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4 Indiana school districts given failing ratings

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INDIANAPOLIS (AP) Four Indiana school districts received failing grades in new ratings approved Wednesday by the State Board of Education.

The A-F grades for the state's 289 districts were developed after the board released ratings for individual schools last month.

The new ratings give A's to 94 districts, while 82 received B's, 91 C's, and 18 D's, The Indianapolis Star reported. Those given F's are the Indianapolis Public Schools, the Medora Community Schools in southern Indiana's Jackson County and the Gary and East Chicago districts in Lake County.

Six districts received failing grades last year. The Kokomo and Hammond districts improved from F's last year to D ratings.

The Indianapolis district, which has about 29,000 students, received an F based on a score of 0.96 on a 4-point scale. Last year, the district's score was 0.24.

District Superintendent Lewis Ferebee said he hoped that grade could increase to a D yet this year as the district has filed a request with the state education officials to recalculate the A-F grades for some of its schools.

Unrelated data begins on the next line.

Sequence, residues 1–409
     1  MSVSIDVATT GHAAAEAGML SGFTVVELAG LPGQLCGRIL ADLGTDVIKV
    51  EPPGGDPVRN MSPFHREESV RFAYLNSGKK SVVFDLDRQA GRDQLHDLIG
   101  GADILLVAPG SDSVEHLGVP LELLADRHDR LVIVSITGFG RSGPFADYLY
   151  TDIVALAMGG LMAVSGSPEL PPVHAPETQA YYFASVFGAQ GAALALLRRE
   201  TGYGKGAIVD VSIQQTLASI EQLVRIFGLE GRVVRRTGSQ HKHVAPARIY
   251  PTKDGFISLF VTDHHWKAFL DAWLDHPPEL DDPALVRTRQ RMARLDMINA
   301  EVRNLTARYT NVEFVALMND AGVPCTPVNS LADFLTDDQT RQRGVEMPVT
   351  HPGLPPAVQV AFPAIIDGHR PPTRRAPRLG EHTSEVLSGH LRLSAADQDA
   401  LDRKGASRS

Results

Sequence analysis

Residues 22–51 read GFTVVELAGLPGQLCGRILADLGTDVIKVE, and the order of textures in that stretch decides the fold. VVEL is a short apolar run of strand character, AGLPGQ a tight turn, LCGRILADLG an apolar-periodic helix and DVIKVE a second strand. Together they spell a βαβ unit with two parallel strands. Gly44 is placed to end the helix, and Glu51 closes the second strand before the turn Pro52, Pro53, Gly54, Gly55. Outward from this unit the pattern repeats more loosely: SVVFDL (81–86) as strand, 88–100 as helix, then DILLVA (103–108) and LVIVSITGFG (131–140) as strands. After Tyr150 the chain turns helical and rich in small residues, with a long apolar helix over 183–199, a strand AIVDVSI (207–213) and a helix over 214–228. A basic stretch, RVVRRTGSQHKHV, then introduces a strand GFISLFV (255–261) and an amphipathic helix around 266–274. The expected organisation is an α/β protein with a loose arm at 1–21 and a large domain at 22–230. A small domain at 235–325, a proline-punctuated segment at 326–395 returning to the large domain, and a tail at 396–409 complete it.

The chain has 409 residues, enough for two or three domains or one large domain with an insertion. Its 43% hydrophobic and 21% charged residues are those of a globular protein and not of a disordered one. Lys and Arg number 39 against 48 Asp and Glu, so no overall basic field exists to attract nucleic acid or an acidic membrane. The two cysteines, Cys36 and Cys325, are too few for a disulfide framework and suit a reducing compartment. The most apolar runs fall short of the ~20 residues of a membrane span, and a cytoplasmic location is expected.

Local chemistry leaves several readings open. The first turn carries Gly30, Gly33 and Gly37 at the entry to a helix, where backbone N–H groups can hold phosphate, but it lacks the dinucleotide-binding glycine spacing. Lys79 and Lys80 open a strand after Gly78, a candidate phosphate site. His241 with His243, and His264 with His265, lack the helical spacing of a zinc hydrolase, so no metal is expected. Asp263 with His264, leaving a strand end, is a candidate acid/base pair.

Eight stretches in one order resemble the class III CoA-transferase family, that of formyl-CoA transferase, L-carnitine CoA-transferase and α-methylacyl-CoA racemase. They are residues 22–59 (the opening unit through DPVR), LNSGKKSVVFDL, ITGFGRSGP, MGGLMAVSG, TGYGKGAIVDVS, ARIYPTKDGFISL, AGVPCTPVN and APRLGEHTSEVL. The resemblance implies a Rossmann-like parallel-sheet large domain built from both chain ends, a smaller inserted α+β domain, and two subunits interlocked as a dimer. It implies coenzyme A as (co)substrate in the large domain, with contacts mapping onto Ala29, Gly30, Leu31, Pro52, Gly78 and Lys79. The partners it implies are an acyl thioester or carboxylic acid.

"We might not be at the bar for proficiency, but we have done a really good job with growth and that needs to be noted," he said. "I am excited about that progress but obviously we have a lot more work to do. I am looking to get us out of that F category."

The Board of Education approved the district ratings with little of the controversy between board members and Democratic schools Superintendent Glenda Ritz that surrounded the December release of the individual school grades.

Those ratings were delayed while reviews were made after The Associated Press reported on emails showing Ritz's predecessor, Republican Tony Bennett, changed the rules to raise the grade of a political donor's charter school from a "C'' to an "A'' in 2012.

The state board is setting new standards for A-F grades to be used in the 2014-15 school year.

Ritz told WTHR-TV that the revised standards will put more emphasis on whether students are improving on standardized tests, rather than ranking them among students statewide.

"The big difference is that the growth component in this new system will be based upon individual student growth, each individual child," Ritz said. "They won't be in comparison to their peers around the state."

 

Posted 1/15/2014